There's nothing that forces you to have a DAO layer.
UI <-> Service <-> DAO <-> persistence
The code in your session layer is what normally goes into a DAO layer. I.e. small (almost atomic) operations such as store, delete, etc.
The service layer is for isolating business logic that would be awkward in a simple storage layer. For instance, if you want to operate on multiple Person instances at a time, or some very specific business logic before saving the object. Another common use with RDBM is to have transaction management in the service layer, coordinating possibly multiple DAO requests into transactions.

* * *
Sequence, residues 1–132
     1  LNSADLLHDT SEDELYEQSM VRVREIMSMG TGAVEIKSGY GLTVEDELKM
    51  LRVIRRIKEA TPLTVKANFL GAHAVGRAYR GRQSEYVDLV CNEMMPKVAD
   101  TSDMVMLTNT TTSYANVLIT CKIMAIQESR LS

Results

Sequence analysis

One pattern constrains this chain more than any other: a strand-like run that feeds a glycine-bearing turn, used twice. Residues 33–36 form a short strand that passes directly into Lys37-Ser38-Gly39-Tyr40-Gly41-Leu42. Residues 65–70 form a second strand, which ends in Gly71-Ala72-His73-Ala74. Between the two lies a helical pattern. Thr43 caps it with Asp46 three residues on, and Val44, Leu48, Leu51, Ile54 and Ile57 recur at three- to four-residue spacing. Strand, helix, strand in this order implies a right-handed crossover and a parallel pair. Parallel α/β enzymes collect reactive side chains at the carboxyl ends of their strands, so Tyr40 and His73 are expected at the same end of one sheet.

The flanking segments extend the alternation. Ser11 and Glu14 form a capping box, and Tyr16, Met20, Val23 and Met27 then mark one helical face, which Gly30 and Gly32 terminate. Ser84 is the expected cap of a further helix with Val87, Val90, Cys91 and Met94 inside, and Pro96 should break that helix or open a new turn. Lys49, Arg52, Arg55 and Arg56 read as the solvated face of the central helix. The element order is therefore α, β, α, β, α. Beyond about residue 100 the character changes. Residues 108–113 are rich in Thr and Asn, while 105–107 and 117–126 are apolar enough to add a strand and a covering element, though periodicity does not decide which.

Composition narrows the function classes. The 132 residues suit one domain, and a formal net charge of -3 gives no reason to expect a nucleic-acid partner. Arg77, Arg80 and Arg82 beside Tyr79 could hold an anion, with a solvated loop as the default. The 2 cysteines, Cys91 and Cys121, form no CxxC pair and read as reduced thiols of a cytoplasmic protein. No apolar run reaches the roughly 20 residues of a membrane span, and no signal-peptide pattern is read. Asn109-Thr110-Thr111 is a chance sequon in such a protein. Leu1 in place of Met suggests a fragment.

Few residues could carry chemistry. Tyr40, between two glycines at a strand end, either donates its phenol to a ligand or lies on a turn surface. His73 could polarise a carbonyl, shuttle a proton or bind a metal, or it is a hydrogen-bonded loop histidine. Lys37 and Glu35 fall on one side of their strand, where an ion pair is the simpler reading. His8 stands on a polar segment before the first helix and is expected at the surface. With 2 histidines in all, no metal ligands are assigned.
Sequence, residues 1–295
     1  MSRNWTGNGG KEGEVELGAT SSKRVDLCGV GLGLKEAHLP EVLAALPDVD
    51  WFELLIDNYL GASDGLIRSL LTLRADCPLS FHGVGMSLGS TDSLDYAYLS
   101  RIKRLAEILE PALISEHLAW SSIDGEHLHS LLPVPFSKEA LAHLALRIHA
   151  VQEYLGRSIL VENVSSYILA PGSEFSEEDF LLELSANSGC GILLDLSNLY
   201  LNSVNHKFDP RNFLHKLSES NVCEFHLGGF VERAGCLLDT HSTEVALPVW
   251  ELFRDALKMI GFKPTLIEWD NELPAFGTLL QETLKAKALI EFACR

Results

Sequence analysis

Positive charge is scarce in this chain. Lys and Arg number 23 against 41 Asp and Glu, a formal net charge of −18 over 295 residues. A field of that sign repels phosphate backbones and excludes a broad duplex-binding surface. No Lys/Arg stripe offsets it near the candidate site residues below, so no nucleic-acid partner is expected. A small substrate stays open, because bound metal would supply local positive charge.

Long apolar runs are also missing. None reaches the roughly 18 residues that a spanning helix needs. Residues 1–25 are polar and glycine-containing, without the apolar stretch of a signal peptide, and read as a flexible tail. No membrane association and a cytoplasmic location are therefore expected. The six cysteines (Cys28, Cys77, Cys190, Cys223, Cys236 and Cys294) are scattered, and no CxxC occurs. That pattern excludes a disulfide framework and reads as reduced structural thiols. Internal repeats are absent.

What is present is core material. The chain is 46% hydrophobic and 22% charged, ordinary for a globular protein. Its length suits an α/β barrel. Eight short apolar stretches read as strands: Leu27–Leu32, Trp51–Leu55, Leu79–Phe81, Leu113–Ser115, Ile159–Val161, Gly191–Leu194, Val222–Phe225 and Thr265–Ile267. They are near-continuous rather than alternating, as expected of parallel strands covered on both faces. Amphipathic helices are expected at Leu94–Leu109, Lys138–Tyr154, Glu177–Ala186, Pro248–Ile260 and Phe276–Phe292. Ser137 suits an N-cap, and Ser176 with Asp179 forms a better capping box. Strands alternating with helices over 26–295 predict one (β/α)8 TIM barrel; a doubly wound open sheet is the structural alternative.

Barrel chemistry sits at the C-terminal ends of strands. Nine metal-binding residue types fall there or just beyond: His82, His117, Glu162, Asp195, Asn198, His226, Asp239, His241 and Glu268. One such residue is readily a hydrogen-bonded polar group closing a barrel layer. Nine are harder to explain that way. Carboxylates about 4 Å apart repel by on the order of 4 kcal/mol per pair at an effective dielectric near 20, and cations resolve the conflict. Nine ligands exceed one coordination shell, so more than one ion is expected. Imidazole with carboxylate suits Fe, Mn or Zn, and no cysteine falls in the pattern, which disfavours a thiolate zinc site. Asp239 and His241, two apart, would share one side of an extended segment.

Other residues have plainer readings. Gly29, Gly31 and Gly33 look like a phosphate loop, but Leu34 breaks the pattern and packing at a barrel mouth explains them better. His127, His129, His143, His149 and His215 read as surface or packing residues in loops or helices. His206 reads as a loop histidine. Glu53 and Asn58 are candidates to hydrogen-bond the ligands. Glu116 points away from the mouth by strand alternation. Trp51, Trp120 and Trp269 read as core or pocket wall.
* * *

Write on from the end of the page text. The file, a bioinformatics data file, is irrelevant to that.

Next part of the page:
In many simple applications the service layer is somewhat pointless. It just proxies operations, like your above, from the UI to the DAO - no logic added. In these cases I would personally not necessarily create the DAO layer, keep the storage in the service, but refactor it out the very minute it grows beyond being just a simple persistence layer.
Another aspect is unit testing. A simple DAO layer can easily be mocked away which is an argument for keeping business logic and persistence strictly separate.